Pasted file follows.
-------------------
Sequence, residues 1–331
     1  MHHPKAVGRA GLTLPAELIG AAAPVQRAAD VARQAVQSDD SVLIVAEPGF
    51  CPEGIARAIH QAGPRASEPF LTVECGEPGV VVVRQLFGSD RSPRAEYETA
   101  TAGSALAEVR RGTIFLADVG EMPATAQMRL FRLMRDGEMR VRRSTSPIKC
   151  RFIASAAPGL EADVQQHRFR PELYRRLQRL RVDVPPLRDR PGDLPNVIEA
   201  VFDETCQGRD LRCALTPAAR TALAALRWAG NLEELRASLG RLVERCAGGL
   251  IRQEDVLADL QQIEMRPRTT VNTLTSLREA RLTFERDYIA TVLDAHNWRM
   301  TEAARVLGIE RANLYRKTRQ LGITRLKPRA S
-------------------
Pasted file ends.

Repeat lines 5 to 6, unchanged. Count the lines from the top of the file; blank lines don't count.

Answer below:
   151  RFIASAAPGL EADVQQHRFR PELYRRLQRL RVDVPPLRDR PGDLPNVIEA
   201  VFDETCQGRD LRCALTPAAR TALAALRWAG NLEELRASLG RLVERCAGGL